CAMBY, Ind. (WISH) — Hope is not often associated with loss, not when there are other feelings so close to a person’s heart.
“My sensory memory comes back and I can feel her skin on my lips again,” said Sara Christensen as she looked at a picture of her lips touching her daughter’s forehead.
“I just held her close and wanted to breathe life back into her. You can’t do that as much as your heart feels like it’s going to explode, trying to will something back to life,” she said.
The life she wanted to breathe back was her daughter’s, Katherine Joy.
“I just remember being so happy when we found out we were pregnant with her even in the ultrasound you could tell she had a button nose,” said Christensen.
She said Katherine was her best pregnancy, until it came time for delivery.
“When we were on our way to the hospital, the pain just got worse and worse and worse and I actually had my husband pull over and make him call an ambulance, and at some point while we were waiting for the ambulance that’s when I believe my uterus ruptured,” said Christensen.
“They were trying to find her heartbeat and they couldn’t find her heartbeat.”
No heartbeat. And slowly, no hope.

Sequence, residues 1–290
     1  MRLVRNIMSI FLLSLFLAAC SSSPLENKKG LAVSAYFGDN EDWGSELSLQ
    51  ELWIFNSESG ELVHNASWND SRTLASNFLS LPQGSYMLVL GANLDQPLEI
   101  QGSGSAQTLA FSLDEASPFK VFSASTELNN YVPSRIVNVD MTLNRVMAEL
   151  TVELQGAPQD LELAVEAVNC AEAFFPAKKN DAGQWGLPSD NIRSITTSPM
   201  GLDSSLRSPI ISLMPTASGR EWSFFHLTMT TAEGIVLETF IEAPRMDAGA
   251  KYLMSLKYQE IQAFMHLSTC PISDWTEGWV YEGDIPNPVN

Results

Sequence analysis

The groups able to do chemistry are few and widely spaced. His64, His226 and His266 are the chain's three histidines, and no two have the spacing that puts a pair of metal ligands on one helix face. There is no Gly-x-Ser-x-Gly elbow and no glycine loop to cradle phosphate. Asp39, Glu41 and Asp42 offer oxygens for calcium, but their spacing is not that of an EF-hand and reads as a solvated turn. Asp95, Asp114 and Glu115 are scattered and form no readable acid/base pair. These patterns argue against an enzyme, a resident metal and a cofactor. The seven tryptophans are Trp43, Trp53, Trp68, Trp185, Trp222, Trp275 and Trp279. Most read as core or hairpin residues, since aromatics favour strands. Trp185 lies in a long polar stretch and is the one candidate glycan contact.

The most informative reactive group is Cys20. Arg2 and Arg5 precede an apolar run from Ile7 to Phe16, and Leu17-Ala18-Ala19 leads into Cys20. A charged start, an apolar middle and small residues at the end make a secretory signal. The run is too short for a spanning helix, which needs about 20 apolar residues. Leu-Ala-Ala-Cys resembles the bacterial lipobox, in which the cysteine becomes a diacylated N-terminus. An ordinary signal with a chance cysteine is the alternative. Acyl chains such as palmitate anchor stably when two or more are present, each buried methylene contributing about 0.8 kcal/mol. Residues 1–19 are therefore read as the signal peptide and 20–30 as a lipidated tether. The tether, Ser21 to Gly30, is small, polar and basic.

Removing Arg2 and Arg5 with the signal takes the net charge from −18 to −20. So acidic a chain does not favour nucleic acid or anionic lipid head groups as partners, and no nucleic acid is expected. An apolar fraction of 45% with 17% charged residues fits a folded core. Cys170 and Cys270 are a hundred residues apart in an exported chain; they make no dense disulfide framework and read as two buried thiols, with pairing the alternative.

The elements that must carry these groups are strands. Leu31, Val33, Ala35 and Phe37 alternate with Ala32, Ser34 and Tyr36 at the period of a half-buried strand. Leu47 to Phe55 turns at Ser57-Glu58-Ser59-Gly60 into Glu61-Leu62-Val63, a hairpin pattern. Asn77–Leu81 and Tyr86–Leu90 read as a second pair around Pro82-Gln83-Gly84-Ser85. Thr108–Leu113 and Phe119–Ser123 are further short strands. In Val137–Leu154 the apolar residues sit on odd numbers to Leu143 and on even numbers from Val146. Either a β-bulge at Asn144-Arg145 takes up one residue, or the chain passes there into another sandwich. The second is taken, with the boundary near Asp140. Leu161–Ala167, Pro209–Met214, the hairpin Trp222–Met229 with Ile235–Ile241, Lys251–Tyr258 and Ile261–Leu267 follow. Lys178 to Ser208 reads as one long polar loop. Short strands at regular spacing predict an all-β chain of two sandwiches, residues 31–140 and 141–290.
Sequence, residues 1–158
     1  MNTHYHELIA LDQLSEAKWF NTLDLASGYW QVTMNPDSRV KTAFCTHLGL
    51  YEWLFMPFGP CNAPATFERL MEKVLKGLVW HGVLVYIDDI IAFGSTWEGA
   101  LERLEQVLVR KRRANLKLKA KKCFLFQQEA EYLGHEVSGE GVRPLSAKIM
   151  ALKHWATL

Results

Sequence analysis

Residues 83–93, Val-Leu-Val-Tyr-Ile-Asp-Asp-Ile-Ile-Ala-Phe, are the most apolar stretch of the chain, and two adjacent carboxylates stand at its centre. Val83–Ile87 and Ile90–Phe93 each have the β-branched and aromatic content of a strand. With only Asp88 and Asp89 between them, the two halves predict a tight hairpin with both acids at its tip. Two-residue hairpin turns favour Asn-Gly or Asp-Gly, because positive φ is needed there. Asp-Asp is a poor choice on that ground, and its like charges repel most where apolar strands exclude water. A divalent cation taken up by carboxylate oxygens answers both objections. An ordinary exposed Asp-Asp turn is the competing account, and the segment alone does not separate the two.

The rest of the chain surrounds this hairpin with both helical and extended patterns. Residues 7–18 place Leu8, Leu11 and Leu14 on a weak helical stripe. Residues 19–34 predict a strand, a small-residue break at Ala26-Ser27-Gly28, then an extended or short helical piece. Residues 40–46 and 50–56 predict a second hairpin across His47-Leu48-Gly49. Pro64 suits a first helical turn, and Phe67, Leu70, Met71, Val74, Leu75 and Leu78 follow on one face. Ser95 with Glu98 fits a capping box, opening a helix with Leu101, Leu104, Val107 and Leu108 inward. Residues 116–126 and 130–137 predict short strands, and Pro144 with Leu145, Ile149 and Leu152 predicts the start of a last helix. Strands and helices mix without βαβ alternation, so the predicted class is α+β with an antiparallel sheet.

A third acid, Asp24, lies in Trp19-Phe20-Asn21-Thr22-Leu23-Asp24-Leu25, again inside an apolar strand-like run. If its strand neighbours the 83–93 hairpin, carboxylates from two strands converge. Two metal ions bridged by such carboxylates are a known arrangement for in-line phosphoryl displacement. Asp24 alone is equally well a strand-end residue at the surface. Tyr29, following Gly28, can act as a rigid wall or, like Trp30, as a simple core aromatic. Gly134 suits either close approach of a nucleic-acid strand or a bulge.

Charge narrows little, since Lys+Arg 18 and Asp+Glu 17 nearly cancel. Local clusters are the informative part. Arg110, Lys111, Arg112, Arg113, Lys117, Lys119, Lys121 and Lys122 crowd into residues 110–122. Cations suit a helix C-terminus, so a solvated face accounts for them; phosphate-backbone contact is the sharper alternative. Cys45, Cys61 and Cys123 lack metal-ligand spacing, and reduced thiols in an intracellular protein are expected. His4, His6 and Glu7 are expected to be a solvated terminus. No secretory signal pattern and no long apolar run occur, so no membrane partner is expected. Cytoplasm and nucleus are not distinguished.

“I was really just kind of holding on at that point and when they said that she was gone, I was like ‘okay. I can go now, I can die now, too,”‘ she said.
She held on and got to see her baby girl.
“As soon as we saw her, she did have a button nose. She was just very beautiful, very, very beautiful baby and just recovering from all of that was very difficult,” said Christensen.
Losing her, burying her and then hoping people would remember her.
“My biggest fear has been that nobody else will know her and love her,” she said.
Her baby’s memory is captured on a wall in their home full of pictures and mementos.
Her baby’s memory will also live on in boxes that will be delivered to hospitals with the help of an organization called Hope Mommies.
“Hope Boxes are usually done in honor of a baby who has gone to heaven too soon.”
There’s a scripture card, encouraging note, bath bombs and tea that will be delivered to moms who leave the hospital without their baby.
“It’s not a magic box that is going to erase their feelings and sadness but it can help bring healing and comfort,” Christensen said.
It also brings hope from one mom who has experienced loss to another.
Christensen is hoping to send 20 Hope Boxes to hospitals. You can help her by going to this website and choosing her name, Sara Christensen under the option for “Gatherings Hosted By.”